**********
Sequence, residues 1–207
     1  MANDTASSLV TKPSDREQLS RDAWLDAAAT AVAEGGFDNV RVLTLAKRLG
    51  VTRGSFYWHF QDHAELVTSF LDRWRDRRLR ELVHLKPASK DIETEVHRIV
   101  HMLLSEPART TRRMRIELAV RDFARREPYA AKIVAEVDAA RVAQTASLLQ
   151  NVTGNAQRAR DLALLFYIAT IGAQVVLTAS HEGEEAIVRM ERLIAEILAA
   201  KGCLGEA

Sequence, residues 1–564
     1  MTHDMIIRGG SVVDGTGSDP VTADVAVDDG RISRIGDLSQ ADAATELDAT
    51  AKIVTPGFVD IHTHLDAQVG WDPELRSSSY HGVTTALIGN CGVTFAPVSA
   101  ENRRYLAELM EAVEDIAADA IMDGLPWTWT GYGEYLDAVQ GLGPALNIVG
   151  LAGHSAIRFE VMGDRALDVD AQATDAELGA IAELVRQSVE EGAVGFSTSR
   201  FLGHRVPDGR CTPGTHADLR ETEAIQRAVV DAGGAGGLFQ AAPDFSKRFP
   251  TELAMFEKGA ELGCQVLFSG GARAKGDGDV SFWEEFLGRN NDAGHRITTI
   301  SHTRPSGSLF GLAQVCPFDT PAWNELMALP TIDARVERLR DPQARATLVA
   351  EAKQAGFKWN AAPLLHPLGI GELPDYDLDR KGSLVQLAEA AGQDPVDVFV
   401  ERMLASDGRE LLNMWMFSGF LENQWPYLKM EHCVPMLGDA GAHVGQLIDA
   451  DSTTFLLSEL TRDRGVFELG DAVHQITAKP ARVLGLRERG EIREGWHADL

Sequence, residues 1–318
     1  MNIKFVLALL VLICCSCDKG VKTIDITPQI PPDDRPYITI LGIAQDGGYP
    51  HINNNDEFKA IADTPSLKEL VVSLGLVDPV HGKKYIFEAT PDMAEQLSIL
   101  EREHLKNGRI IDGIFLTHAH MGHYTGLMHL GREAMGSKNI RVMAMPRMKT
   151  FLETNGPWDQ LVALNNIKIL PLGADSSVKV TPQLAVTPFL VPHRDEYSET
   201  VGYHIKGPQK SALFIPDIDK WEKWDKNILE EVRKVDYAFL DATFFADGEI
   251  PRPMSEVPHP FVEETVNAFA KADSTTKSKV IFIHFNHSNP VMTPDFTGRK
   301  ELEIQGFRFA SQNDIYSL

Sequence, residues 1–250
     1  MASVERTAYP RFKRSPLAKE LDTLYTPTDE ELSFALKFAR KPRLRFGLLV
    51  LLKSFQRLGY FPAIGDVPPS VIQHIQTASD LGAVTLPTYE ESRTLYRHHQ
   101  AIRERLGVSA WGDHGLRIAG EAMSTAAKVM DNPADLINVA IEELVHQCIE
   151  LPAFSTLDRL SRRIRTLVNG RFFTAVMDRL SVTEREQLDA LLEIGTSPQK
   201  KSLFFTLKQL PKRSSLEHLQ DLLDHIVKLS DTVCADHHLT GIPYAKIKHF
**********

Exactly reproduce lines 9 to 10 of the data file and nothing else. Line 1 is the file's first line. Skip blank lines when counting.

    51  AKIVTPGFVD IHTHLDAQVG WDPELRSSSY HGVTTALIGN CGVTFAPVSA
   101  ENRRYLAELM EAVEDIAADA IMDGLPWTWT GYGEYLDAVQ GLGPALNIVG